A material used to protect submarines from sonar detection is the latest technological breakthrough in ensuring the safe and effective dose of ultrasound in medicine. Practitioners and thousands of patients in physiotherapy departments worldwide will benefit from the latest technology, which will ensure a step forward in the reliability of delivered ultrasound treatment.
The material forms a key component in a novel desk-top ultrasound power meter developed by the UK’s national standards laboratory, The National Physical Laboratory (NPL) of Teddington, UK, in partnership with one of the leading manufacturers of ultrasound measurement equipment, Precision Acoustics Ltd (PA), Dorchester, UK.
An estimated 10,000 physiotherapy ultrasound units are currently in use in the UK alone. Key to ensuring that patients are receiving the most effective treatment for their soft tissue injuries is the assurance that the equipment delivers the correct level of ultrasound power. Physiotherapists will benefit from the latest measurement development to carry out their everyday treatments.
Noor Kheir | alfa
FAST detects neutral hydrogen emission from extragalactic galaxies for the first time
02.07.2020 | Chinese Academy of Sciences Headquarters
First exposed planetary core discovered
01.07.2020 | Universität Bern
Solar cells based on perovskite compounds could soon make electricity generation from sunlight even more efficient and cheaper. The laboratory efficiency of these perovskite solar cells already exceeds that of the well-known silicon solar cells. An international team led by Stefan Weber from the Max Planck Institute for Polymer Research (MPI-P) in Mainz has found microscopic structures in perovskite crystals that can guide the charge transport in the solar cell. Clever alignment of these "electron highways" could make perovskite solar cells even more powerful.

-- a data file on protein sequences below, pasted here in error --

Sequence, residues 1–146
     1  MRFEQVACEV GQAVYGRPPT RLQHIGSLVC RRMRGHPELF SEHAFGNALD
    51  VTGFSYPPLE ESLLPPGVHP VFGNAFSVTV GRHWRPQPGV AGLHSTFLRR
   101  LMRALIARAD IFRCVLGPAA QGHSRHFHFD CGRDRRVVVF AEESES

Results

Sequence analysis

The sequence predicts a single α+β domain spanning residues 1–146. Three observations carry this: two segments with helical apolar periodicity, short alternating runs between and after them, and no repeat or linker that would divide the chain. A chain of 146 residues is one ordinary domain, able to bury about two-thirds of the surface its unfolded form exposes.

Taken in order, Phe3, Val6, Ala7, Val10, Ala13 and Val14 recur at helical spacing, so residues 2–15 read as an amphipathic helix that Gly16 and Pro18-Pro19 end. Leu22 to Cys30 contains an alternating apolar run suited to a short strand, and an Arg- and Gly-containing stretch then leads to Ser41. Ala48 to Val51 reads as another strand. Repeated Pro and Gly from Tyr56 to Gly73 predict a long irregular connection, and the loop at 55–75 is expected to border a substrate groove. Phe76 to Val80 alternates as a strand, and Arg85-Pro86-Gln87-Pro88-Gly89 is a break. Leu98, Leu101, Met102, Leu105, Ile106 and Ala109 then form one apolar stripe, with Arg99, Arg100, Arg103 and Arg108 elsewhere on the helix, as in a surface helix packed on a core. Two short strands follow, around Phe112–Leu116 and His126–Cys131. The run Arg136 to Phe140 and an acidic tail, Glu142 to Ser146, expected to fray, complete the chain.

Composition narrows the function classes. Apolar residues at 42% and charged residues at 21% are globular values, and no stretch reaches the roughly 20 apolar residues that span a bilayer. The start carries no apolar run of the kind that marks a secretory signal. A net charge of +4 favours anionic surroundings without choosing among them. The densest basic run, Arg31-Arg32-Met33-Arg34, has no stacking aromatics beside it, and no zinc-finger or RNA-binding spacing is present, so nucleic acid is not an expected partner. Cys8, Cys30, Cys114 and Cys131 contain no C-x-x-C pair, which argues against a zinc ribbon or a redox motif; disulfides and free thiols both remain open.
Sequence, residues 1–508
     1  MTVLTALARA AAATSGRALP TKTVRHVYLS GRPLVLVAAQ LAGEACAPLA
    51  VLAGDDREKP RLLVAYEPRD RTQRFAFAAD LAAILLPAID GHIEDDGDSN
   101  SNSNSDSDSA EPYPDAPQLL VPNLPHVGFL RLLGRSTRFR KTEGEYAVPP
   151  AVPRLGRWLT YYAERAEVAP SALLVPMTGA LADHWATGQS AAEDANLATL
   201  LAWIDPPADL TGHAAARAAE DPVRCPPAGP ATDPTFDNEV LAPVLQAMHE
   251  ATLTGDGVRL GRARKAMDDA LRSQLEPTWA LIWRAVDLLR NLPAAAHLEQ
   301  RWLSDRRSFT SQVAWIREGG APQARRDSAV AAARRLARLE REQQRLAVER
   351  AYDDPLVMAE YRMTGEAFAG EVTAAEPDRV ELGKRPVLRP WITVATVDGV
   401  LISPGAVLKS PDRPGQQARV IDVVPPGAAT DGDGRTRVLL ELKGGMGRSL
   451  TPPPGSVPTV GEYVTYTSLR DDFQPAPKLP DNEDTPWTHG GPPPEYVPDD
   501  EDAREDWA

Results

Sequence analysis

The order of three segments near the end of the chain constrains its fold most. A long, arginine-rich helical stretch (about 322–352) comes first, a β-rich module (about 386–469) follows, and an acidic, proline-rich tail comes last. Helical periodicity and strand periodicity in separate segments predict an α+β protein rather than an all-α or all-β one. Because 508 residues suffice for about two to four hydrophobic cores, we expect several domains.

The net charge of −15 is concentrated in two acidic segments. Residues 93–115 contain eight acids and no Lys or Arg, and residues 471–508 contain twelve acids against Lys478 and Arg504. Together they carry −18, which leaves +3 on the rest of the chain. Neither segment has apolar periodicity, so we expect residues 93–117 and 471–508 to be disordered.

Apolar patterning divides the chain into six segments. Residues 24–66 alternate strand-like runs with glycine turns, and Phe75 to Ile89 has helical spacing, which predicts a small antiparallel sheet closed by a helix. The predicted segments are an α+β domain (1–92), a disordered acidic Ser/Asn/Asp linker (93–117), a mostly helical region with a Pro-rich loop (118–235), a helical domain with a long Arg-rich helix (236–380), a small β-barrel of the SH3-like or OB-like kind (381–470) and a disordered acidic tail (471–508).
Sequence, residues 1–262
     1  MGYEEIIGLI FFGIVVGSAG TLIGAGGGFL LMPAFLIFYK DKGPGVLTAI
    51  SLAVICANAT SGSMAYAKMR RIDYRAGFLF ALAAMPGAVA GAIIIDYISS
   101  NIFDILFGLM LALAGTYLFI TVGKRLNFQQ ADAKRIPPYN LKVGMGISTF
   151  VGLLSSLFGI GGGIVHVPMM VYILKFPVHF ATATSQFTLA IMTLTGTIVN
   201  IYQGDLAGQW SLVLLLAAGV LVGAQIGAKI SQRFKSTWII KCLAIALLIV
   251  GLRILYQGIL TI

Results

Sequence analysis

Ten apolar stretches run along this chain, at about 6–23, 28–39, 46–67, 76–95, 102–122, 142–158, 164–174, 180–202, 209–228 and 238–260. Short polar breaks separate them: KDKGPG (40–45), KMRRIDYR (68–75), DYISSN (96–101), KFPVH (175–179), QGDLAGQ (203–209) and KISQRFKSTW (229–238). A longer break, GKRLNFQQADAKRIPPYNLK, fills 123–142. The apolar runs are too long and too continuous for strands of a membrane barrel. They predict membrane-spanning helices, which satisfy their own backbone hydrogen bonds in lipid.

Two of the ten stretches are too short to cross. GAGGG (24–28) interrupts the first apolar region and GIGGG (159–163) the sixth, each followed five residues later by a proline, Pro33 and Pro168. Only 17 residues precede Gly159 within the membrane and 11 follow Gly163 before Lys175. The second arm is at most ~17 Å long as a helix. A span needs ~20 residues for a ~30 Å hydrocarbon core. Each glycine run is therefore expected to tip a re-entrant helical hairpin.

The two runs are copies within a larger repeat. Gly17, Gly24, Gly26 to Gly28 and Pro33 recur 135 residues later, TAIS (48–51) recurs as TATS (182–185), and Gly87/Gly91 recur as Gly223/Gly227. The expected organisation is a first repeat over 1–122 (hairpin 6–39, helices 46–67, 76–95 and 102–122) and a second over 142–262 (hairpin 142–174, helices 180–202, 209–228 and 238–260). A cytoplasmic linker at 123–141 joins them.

Solar cells convert sunlight into electricity. During this process, the electrons of the material inside the cell absorb the energy of the light....
Empa researchers have succeeded in applying aerogels to microelectronics: Aerogels based on cellulose nanofibers can effectively shield electromagnetic radiation over a wide frequency range – and they are unrivalled in terms of weight.
Electric motors and electronic devices generate electromagnetic fields that sometimes have to be shielded in order not to affect neighboring electronic...
A promising operating mode for the plasma of a future power plant has been developed at the ASDEX Upgrade fusion device at Max Planck Institute for Plasma...
Live event – July 1, 2020 - 11:00 to 11:45 (CET)
"Automation in Aerospace Industry @ Fraunhofer IFAM"
The Fraunhofer Institute for Manufacturing Technology and Advanced Materials IFAM l Stade is presenting its forward-looking R&D portfolio for the first time at...
With an X-ray experiment at the European Synchrotron ESRF in Grenoble (France), Empa researchers were able to demonstrate how well their real-time acoustic monitoring of laser weld seams works. With almost 90 percent reliability, they detected the formation of unwanted pores that impair the quality of weld seams. Thanks to a special evaluation method based on artificial intelligence (AI), the detection process is completed in just 70 milliseconds.
Laser welding is a process suitable for joining metals and thermoplastics. It has become particularly well established in highly automated production, for...
02.07.2020 | Event News
19.05.2020 | Event News
07.04.2020 | Event News
03.07.2020 | Life Sciences
03.07.2020 | Studies and Analyses
03.07.2020 | Power and Electrical Engineering